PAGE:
Two Weeks, Two Jams: Global Game Jam 2016 and Take Care Jam

critical making, game jams, Process Writing

I’ve been meaning to write for some time now about Global Game Jam 2016 and the Take Care Jam, two jams that took place one weekend after the other (which is why I guess why I haven’t managed to write about them yet, what with the jams and the work I had to catch up on afterwards). I thought that GGJ would be an exhausting all-nighter pulling event (because it usually is) and that I would then decompress at the low-key, care-focused Take Care Jam, but that turned out not to be the case.

I arrived at Global Game Jam on Friday in time to engineer our now-traditional Game Jam Blanket Fort (ever since Pixelles Montreal ran TeaCade, we are in love with comfy time-out spots at our community events – GAMERella had a pretty excellent one, TAG’s GGJ16 location had one, and so would the Take Care Jam, as it turns out). During GAMERella, my goal is to work with a new jammer and help them have a positive first jam experience. Global Game Jam is my more selfish jam – I like to work with people that I already know and trust.

So! There were plenty of people that I knew at the jam, but it seemed like many of them were about to agglomerate into one large group. At a jam, my preference is to work in a team of three or less – maximum four. I find that it’s easier to stay within a manageable scope and to quickly find mutual game making interests. So, after some quick decision-making, I ended up working with Dietrich “Squinky” Squinkifer for the jam.

THE GAME: “Most Sincere Greetings, Esteemed One”

[You can also read Squinky’s introductory writeup about the game here.]

We scoped with a laser-focus (see what I did there?) – having a two-person team meant choosing our priorities very carefully. Exploring the jam’s theme (“Ritual”) through some quick brainstorming maps and settled on exploring the awkwardness of greetings. We chose to use as much theatricality and physicality in the game as we could, and so we hit on a game where players would be instructed to perform different greetings with one another. We made an aluminum-foil gong as a button using a Makey-Makey and had players wear the Muse headset to help set our stage. Combined with Squinky’s JavaScript/JSON/web dev skills and the Tracery library (link) to create procedurally-generated instructions, how could we miss?

By the end of the first night (we closed up shop at around midnight, having started to jam in earnest around, let’s say…6:30PM?), we basically had a working version of our game…From there, we just kept adding, polishing and giggling to ourselves about all the excellent procedurally-generated content that we were building, and doing our best to put our best foot forward on all of the items that it was possible for us to share on our game’s global game jam page: a gameplay video, a dashing team portrait, a github repository of our code, screenshots from the game, etc.



The great thing about this jam is that I went home to sleep both nights and didn’t feel any time pressure. I really enjoyed working with Squinky – we share similar senses of humour and they are a great jam partner. They’ve also got mad skills – both for making games and cookies! Our game even won an award for our prop-use.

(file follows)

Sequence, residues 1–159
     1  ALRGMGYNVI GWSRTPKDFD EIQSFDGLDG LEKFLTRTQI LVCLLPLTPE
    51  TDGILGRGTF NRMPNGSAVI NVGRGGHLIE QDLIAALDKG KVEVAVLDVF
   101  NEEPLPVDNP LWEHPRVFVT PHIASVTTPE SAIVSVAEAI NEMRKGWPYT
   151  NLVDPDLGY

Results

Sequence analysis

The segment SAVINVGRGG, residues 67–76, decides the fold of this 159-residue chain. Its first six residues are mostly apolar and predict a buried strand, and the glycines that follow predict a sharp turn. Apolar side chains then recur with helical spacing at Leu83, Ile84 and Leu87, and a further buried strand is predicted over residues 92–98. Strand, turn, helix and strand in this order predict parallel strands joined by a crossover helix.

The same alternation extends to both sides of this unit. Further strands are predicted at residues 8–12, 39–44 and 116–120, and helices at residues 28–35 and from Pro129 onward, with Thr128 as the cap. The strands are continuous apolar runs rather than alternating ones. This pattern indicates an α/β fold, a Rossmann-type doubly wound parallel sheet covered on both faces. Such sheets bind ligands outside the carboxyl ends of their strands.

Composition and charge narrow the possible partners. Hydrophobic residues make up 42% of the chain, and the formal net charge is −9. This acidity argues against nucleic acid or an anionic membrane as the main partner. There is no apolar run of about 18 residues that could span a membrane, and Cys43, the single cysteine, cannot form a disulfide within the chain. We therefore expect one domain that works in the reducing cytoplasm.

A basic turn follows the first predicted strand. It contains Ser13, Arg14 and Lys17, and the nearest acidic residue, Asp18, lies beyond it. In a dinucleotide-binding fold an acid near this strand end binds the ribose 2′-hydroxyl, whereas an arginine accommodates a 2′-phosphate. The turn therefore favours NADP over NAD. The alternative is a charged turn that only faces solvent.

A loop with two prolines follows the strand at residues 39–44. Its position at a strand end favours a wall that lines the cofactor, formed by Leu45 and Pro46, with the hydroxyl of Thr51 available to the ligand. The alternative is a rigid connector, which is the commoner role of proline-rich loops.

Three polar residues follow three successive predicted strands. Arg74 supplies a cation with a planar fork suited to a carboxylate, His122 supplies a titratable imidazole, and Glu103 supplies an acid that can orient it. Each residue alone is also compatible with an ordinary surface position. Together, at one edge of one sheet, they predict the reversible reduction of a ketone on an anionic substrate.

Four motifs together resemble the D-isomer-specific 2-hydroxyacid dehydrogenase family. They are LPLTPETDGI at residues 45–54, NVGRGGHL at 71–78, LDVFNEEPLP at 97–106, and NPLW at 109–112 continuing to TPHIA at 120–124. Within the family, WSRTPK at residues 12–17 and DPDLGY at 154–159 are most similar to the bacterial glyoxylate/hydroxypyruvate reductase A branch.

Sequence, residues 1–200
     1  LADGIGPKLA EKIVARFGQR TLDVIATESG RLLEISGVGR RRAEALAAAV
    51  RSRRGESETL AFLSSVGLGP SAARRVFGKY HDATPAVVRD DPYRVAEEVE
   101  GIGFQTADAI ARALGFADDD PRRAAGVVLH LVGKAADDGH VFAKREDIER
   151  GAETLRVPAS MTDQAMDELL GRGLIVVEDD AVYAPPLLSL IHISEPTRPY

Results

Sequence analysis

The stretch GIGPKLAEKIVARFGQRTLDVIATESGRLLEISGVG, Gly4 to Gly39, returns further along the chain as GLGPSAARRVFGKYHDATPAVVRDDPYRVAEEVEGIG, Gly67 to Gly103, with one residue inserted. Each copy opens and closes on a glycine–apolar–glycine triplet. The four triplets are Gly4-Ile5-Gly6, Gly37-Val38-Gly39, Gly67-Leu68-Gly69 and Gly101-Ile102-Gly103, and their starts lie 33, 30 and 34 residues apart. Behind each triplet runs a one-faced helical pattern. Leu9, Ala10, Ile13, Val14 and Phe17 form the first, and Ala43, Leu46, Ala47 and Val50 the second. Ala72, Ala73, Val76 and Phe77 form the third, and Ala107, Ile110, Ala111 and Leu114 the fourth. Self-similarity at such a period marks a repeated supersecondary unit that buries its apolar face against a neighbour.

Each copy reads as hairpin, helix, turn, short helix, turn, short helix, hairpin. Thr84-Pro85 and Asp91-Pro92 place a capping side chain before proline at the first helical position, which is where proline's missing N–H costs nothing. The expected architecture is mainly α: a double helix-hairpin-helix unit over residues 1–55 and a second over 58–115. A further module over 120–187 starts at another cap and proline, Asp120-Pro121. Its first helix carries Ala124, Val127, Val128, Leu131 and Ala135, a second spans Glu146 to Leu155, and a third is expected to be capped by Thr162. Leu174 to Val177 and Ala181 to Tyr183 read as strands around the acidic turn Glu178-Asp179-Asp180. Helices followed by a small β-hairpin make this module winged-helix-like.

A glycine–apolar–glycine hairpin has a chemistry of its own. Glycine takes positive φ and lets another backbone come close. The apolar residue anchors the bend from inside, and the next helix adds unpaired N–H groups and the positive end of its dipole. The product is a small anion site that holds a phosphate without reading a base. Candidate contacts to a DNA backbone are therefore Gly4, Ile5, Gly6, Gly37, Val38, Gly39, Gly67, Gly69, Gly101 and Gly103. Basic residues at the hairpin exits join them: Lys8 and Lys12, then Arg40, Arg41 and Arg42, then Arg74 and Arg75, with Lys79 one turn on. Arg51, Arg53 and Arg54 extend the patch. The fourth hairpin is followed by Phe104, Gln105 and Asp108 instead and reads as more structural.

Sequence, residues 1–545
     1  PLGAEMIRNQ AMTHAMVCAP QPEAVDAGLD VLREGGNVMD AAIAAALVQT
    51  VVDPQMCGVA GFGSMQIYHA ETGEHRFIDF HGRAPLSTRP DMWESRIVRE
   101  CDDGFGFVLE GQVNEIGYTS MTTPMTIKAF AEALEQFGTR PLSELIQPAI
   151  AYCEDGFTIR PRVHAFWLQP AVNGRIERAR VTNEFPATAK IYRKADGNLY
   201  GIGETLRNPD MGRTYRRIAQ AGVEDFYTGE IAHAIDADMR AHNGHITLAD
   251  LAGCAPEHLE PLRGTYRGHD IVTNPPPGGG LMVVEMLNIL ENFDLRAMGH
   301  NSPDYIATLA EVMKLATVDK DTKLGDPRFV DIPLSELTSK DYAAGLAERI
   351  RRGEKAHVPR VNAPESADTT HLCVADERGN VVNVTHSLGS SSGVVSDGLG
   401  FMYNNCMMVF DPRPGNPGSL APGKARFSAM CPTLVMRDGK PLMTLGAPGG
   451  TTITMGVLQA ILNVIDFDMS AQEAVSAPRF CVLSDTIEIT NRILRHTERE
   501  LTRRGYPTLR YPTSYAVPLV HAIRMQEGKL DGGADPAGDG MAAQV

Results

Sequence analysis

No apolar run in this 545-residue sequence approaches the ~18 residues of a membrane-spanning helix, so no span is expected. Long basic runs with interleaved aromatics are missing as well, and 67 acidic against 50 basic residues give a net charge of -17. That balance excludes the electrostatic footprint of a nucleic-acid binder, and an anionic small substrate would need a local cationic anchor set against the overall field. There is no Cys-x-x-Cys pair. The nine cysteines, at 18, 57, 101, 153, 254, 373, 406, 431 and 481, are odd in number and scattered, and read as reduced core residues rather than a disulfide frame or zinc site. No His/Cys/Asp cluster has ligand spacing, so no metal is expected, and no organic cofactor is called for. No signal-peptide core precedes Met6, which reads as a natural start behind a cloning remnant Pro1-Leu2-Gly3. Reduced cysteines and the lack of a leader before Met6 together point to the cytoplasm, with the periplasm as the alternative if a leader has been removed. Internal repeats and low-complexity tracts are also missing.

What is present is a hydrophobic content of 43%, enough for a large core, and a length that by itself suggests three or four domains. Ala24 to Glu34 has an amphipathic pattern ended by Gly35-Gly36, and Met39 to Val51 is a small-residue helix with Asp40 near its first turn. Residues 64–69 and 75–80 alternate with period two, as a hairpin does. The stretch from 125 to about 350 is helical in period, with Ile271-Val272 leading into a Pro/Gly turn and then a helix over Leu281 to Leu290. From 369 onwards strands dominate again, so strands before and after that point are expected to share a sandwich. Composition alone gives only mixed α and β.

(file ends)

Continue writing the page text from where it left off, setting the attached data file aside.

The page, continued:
The Take Care Jam, hosted by the Atwater Library in the context of Shanly Dixon’s Cyberviolence Against Women research, and planned and run by Stephanie Fisher and Kara Stone, is proof (much like my experience with Squinky at GGJ) that you don’t have to do a long crunch-filled jam for people to end up with interesting prototypes and ideas by the end. The weekend was filled with food breaks, multiple yoga sessions, and people just chatting and spending time with one another. We still made great things.

My team, which consisted of Nicole Pacampara and Amanda Tom (two people I was very happy to get the chance to finally work on a project with) along with honorary teammate Squinky (who fixed everything for us at the end with their mad skills and who I have already had the pleasure of working with) worked on a project about taking care of ourselves and of other people. The basic idea is that with a password-protected google form (you can see it here but I won’t tell you the password — you can ask for it if you like though – we just didn’t want people to add mean things) that creates a google spreadsheet. Using the spreadsheet as our database, we pull a random entry and display it on the Take Care Teller, which is like a fortune teller except it gives you an encouraging message or advice.

Here’s the current prototype of the Take Care Teller, hosted on Nicole’s site.

As you may have read by now, I’m learning Processing, and the amazing thing about this jam for me was realizing the literacy that learning Processing is giving me in other coding languages, too, just because there are lots of things that carry over. So, I was able to read most of our code that weekend (although I couldn’t have written it — that’ll come later, I hope).

At the end of the jam, after presenting our work to each other, we planted seeds from the Atwater Seed library (Guybrush the cat has knocked mine over already, but I will replant once he’s gone to his forever-home with Squinky — which will be soon!).

So, more on Processing soon…I’ve learned to do weird video googly-doos and plan to finish the book in the next two weeks!